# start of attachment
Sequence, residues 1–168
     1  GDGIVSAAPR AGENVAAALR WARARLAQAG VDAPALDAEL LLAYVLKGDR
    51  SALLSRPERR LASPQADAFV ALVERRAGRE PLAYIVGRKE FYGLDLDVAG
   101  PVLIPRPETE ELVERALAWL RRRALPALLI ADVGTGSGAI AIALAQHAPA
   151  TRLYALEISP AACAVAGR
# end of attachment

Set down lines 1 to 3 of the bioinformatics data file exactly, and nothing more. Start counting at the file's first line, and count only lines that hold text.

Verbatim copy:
Sequence, residues 1–168
     1  GDGIVSAAPR AGENVAAALR WARARLAQAG VDAPALDAEL LLAYVLKGDR
    51  SALLSRPERR LASPQADAFV ALVERRAGRE PLAYIVGRKE FYGLDLDVAG